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April 1993

Sympathetic Skin Response in Patients With Cerebellar Degeneration

Author Affiliations

From the Department of Neurology, Tokyo (Japan) Metropolitan Neurological Hospital (Drs Yokota, Hayashi, and Tanabe), and the Department of Neurology, Tokyo Medical and Dental University (Drs Tokota and Tsukagoshi).

Arch Neurol. 1993;50(4):422-427. doi:10.1001/archneur.1993.00540040074018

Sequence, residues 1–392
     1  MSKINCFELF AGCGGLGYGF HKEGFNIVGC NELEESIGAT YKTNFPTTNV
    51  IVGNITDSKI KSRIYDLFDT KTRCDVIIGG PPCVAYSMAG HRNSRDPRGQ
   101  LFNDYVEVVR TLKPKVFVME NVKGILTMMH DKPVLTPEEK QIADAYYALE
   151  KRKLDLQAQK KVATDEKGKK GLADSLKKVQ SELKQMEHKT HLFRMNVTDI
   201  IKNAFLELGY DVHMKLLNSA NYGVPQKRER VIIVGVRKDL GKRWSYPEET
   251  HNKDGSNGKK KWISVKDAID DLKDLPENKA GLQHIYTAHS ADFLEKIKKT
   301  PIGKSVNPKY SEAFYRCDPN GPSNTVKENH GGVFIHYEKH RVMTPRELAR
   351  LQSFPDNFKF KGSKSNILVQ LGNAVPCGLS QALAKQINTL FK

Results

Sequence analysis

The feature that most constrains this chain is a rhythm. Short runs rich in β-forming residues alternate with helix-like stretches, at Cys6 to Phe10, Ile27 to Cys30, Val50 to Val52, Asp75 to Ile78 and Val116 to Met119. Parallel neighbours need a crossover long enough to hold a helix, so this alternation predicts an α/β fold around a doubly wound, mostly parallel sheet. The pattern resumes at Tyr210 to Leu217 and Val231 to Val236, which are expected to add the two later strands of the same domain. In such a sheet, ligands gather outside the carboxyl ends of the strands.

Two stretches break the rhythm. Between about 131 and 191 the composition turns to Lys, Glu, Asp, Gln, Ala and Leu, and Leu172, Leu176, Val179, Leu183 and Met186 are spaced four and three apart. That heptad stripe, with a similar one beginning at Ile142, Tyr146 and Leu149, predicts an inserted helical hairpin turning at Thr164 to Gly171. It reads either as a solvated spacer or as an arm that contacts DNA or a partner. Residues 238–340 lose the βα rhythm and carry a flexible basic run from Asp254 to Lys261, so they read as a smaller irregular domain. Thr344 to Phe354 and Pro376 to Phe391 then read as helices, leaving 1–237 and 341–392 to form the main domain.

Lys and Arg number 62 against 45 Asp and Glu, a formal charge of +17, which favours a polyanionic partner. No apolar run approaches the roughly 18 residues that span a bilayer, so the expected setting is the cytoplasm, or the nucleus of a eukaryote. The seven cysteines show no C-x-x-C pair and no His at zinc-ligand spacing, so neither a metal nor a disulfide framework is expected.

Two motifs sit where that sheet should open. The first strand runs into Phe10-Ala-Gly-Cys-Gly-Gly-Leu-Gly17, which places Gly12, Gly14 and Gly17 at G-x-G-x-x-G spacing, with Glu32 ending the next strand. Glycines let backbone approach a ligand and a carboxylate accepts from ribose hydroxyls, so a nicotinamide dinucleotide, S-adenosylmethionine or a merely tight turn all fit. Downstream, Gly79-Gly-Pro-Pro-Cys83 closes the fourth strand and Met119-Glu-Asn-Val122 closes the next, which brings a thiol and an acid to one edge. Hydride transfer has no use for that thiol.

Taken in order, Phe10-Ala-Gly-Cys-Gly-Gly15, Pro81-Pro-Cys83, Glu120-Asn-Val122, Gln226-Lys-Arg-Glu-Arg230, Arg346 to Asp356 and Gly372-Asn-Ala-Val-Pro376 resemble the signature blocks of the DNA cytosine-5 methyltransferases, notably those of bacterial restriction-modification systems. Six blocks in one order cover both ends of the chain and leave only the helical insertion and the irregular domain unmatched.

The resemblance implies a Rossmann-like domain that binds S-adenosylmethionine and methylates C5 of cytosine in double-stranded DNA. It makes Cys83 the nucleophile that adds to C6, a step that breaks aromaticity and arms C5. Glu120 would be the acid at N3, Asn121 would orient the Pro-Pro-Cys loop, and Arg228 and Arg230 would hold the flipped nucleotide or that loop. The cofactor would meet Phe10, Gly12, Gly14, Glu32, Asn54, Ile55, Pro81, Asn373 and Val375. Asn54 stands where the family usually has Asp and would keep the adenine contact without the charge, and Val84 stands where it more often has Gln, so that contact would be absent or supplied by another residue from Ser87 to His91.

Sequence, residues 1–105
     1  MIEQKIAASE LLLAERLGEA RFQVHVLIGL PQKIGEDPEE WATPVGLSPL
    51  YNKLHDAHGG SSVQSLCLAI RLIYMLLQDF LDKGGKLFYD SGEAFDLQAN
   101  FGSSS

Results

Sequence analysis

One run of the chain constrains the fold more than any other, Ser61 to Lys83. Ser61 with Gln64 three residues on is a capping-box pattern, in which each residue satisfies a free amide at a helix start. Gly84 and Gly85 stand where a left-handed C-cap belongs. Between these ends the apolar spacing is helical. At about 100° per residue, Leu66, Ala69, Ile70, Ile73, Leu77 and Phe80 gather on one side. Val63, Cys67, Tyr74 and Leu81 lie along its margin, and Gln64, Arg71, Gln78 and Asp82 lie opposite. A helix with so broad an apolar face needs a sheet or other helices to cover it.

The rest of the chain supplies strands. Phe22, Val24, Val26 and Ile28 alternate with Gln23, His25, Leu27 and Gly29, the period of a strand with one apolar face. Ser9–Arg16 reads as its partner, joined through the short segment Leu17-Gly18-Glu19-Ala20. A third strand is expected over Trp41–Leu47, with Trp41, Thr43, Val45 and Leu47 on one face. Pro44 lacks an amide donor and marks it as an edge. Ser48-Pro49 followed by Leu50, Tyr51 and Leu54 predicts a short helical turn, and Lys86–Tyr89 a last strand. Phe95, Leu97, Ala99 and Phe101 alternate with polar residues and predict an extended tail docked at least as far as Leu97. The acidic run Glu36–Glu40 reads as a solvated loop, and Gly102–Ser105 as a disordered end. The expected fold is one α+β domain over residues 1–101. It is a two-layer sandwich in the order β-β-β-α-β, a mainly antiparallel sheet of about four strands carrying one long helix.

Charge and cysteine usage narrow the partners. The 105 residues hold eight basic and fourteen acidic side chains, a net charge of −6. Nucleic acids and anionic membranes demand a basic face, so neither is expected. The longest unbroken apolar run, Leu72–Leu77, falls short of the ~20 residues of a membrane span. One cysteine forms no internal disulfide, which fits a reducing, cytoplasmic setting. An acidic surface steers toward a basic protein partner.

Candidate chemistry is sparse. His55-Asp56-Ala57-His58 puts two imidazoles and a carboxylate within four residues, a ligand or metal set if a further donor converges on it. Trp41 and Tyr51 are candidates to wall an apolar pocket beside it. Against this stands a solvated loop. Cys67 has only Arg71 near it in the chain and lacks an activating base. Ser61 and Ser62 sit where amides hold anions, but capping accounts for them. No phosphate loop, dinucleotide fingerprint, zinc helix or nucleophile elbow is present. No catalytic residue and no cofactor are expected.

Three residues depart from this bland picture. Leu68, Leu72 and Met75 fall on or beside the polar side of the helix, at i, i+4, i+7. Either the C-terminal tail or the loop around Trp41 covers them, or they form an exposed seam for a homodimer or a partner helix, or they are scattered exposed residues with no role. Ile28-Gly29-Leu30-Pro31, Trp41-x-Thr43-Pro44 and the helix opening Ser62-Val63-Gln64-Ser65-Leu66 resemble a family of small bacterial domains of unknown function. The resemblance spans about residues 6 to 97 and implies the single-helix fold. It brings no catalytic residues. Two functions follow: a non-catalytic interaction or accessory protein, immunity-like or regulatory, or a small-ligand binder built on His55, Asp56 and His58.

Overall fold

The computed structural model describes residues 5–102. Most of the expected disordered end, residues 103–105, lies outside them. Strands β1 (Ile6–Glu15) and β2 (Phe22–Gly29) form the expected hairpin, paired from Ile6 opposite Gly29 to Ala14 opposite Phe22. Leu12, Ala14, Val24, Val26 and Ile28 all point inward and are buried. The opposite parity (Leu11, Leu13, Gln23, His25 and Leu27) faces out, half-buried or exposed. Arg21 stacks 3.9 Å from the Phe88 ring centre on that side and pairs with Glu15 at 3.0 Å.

• Sudomotor function was studied based on sympathetic skin responses (SSRs) in 87 patients with various types of cerebellar degeneration. Evaluations of orthostatic hypotension and the R-R interval variation were also performed in these patients. The respective incidences of SSR abnormality and orthostatic hypotension were 44 (50.6%) of 87 and 39 (44.8%) of 87. Fourteen percent of the patients with abnormal SSRs did not have orthostatic hypotension, but 8% of the patients with normal SSRs did have orthostatic hypotension. Sympathetic skin responses were abnormal in most patients with Shy-Drager syndrome, sporadic olivopontocerebellar atrophy (OPCA), and striatonigral degeneration, whereas SSRs were normal in patients with familial OPCA, sporadic cerebellar atrophy, and familial cerebellar atrophy. We demonstrated that SSR can be used to evaluate sudomotor function in degenerative disorders of the central nervous system as well as in peripheral neuropathies. The vasomotor and sudomotor functions usually are both disturbed in patients with cerebellar degeneration, and the SSR can detect autonomic dysfunction as sensitively as does the head-up tilt test. We also concluded that sporadic OPCA differs from familial OPCA in that it has a much higher incidence of autonomic dysfunction and that degeneration of the cerebellar cortex did not affect the autonomic regulation.

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